“That’s ‘cause, unlike some people, I know to stay the feck away from that bloody place. I’d sooner trust d’Arcadie to make me a cuppa. Speaking of which…” She dragged herself up from the sofa. “Ye want one? Yer looking a little rough.”
“Serves ye right for going in there, don’t it?” she said as she ambled over to the girls’ kitchen. Like Emily, the golden-haired Fiannan—the last of her kind, she claimed—had experienced the true horrors of the world. If there was something troubling her, or she had a bad feeling about a situation, it was for good reason.
“You really think there’ll be another war?” Emily asked.
“When ain’t there a feckin’ war?” Leira replied, slamming one cupboard door after another. “Seems all anyone wants to be doing these days is killing. If not each other then themselves. Bloody eejits.”
Experience did not always breed empathy.
“So, eh, what did ye make of all that crap, anyway?” she asked while waiting for the kettle to boil. “Ye know, the forest and the underground and that feckin’ dream machine shite?”
“Nothing I didn’t know already,” Emily replied.
“Figured. They were after something, weren’t they? The Sophists, that is. Something or someone.”
Leira ran her black nails down her arm, leaving visible red scratches on her pallid skin. “Were it, ye know…?”
“No,” said Emily. “But there had to be a connection, right?”
The kettle came to a boil. “That’s what I were thinking,” said Leira, pouring the water into her mugs. “Thought that crashed ship might have had something to do with it. Them, that is. You-know-who.”
“No, that was definitely the Founding Father’s ship. I—” She glanced towards Hermia’s door, Denny’s, but figured neither of them would listen in. Even so, she lowered her voice. “I saw one like it when my uncle tried to assassinate him.”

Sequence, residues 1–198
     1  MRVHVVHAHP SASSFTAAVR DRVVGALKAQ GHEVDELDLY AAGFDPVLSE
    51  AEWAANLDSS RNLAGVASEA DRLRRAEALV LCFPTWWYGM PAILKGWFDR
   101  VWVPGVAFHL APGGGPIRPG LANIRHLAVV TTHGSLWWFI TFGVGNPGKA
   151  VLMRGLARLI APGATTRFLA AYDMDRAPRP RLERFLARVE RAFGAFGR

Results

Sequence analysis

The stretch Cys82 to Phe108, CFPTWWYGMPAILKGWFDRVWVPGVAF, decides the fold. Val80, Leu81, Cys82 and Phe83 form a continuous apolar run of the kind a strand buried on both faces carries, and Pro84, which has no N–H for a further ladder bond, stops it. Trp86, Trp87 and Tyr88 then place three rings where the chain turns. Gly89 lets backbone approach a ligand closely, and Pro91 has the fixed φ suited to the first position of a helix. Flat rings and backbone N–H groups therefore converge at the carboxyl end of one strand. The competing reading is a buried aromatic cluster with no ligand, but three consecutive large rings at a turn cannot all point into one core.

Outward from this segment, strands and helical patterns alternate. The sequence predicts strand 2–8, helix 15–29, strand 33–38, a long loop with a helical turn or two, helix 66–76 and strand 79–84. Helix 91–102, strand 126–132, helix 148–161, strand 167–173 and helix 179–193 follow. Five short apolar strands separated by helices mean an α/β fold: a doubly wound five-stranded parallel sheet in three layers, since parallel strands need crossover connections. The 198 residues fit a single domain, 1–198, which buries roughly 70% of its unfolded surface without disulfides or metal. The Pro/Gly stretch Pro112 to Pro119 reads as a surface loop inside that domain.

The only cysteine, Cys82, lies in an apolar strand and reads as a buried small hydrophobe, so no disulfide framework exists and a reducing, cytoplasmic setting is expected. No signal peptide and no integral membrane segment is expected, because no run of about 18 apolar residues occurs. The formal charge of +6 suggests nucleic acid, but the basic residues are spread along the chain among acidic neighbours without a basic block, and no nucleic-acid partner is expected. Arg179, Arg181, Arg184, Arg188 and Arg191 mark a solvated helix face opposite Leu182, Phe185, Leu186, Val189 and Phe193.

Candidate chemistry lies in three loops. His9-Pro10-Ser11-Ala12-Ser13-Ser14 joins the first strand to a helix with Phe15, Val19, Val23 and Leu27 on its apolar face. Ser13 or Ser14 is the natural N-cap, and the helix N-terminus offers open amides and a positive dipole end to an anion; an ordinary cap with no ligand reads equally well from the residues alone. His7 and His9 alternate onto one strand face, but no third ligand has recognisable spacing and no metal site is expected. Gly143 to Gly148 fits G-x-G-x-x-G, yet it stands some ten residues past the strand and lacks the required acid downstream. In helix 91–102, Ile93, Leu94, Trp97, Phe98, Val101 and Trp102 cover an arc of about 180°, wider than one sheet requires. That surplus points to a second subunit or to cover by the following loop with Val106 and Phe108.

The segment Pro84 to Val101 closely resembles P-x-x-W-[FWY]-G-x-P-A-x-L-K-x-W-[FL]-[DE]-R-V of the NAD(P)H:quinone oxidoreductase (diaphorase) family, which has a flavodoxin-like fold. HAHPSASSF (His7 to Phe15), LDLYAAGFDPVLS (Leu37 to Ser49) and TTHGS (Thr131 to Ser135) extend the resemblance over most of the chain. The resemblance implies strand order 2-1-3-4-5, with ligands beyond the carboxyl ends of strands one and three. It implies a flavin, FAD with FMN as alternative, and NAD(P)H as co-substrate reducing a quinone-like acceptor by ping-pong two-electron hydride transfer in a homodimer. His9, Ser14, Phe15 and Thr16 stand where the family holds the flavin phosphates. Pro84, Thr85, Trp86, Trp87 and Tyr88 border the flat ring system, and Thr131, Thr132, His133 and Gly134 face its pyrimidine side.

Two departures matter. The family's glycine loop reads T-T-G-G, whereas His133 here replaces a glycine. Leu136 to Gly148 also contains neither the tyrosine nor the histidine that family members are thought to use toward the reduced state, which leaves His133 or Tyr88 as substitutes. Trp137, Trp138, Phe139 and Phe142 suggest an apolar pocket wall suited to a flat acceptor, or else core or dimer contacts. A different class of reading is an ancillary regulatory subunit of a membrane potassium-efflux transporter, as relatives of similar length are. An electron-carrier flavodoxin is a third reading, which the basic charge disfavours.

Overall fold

She shuddered at the memory and pushed the images from her mind. She was a world away from that time—that man—now.
“Shame it didn’t work out.” Leira handed Emily her tea, then slumped into the sofa next to her. “Ye ever think maybe that bastard were involved with all the shite that night?”
Emily sipped at her tea. Leira was as fond of sugar as Dante and it took the bitter edge away from the herbs. “I don’t know,” she said. She remembered the photograph she found of her parents with Dante’s, her uncle standing alongside them. The very thought troubled her more than she cared to admit. “He was with my father the whole time. Fighting you-know-who.” Pleiades. “I don’t think he got involved with the Sophists until after.”
“Maybe he were the one who sold ye all out?”
It was plausible. Maybe too plausible. Someone had manipulated the Sophists, after all—but her uncle? Verraden Sepulturero? That bumbling, bug-eyed creep with a Maiden obsession?
“I think it was you-know-who,” she said—Leira wouldn’t hear the name uttered aloud lest it summon some immaterial fiend from the depths of the aether. “They used the Sophists to keep Seelie distracted so they couldn’t, well…”
Save her parents. They had tried, of course—Cyrus was there, Dante’s father—but, in the end, Pleiades was too much for them. And, until her father appeared to break the bad news, Emily hadn’t had the slightest idea there was anything wrong. Even now, all she had were pieces, scattered facts that only formed a basic outline of events. She wished she had been more observant, that Aliza Adel could have spent as much time paying attention to the real world as she did the worlds in her head.
The worlds her mother had put there to protect her.
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The bit where Emily’s uncle tried to assassinate the Founding Father was pretty dramatic.